Cervicitis physical examination

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Editor-In-Chief: C. Michael Gibson, M.S., M.D. [1]; Associate Editor(s)-in-Chief: Prince Tano Djan, BSc, MBChB [2]


On physical examination, patients with cervicitis may present with purulent or mucopurulent endocervical exudate or sustained endocervical bleeding easily induced by gentle passage of a cotton swab through the cervical os. [1][2]

Physical Examination

On physical examination, patients with cervicitis may show the following two major diagnostic signs:[1][2]

1) Purulent or mucopurulent endocervical exudate visible in the endocervical canal or on an endocervical swab specimen (commonly referred to as mucopurulent cervicitis or cervicitis)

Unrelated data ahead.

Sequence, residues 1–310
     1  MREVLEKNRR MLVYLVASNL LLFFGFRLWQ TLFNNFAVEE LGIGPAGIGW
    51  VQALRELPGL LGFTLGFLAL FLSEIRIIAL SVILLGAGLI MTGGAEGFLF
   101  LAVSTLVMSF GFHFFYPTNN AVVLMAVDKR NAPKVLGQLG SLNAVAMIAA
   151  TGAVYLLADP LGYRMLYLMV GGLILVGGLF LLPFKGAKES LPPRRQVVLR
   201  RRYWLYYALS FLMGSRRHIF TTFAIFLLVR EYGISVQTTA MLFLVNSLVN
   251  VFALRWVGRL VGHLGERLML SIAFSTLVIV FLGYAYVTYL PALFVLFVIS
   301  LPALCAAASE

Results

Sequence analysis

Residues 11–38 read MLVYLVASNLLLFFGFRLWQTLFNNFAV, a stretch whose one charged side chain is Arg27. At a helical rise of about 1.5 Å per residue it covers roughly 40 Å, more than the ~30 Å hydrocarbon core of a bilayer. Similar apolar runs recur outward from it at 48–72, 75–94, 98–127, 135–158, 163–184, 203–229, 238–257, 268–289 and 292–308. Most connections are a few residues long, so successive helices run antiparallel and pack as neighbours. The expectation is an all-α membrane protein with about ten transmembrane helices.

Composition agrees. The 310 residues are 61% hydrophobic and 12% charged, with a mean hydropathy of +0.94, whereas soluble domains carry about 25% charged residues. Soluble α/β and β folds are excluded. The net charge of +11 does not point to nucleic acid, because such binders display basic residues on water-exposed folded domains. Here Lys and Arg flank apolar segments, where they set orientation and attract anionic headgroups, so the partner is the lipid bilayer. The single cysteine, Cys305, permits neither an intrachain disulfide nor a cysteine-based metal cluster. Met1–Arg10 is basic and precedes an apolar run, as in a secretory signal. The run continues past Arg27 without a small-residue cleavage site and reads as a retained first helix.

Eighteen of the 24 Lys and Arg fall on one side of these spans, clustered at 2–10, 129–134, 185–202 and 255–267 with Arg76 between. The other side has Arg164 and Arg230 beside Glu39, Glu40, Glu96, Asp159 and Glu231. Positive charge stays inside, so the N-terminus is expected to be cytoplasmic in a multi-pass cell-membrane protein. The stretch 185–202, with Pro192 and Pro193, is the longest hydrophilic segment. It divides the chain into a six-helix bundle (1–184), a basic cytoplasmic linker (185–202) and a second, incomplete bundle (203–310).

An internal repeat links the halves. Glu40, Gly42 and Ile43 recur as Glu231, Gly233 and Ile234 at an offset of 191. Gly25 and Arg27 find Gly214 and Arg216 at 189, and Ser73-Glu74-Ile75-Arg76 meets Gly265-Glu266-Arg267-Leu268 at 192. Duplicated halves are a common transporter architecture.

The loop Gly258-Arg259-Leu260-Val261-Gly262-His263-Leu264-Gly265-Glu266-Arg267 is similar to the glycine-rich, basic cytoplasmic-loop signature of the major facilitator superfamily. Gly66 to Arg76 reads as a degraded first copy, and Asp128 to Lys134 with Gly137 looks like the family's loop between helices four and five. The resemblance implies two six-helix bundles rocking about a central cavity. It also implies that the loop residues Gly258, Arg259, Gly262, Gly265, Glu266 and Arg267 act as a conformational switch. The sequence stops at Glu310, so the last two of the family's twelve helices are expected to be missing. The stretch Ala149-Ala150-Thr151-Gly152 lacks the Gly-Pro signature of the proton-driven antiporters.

2) Sustained endocervical bleeding easily induced by gentle passage of a cotton swab through the cervical os. Either or both signs might be present.


  1. 1.0 1.1 Marrazzo JM, Handsfield HH, Whittington WL (2002). "Predicting chlamydial and gonococcal cervical infection: implications for management of cervicitis". Obstet Gynecol. 100 (3): 579–84. PMID 12220782.
  2. 2.0 2.1 Berntsson M, Tunbäck P (2013). "Clinical and microscopic signs of cervicitis and urethritis: correlation with Chlamydia trachomatis infection in female STI patients". Acta Derm Venereol. 93 (2): 230–3. doi:10.2340/00015555-1536. PMID 23460336.

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